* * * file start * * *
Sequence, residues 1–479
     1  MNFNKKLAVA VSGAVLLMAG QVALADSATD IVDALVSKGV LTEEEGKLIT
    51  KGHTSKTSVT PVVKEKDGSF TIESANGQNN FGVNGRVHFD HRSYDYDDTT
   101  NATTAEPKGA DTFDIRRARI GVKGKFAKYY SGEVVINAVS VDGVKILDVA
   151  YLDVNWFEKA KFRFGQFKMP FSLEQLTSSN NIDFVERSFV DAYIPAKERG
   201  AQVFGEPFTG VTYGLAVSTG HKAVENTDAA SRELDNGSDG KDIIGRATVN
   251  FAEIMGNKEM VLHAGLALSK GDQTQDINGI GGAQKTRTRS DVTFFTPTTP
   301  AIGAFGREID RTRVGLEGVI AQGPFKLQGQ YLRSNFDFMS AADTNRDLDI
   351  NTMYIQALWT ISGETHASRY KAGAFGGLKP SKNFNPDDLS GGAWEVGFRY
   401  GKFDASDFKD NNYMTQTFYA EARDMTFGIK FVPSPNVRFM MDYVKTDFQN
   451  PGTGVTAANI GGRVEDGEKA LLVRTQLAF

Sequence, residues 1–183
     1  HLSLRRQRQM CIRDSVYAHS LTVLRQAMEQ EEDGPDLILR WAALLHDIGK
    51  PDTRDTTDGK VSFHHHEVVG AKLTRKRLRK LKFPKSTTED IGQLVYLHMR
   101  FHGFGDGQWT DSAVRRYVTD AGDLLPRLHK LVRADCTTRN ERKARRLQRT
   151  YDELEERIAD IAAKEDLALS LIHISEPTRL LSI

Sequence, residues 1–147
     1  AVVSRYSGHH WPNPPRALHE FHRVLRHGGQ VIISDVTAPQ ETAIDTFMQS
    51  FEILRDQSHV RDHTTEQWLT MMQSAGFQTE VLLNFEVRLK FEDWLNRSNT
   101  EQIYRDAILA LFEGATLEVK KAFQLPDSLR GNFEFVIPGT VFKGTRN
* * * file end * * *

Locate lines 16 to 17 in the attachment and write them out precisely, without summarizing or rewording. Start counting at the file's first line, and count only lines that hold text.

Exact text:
   151  YDELEERIAD IAAKEDLALS LIHISEPTRL LSI

Sequence, residues 1–147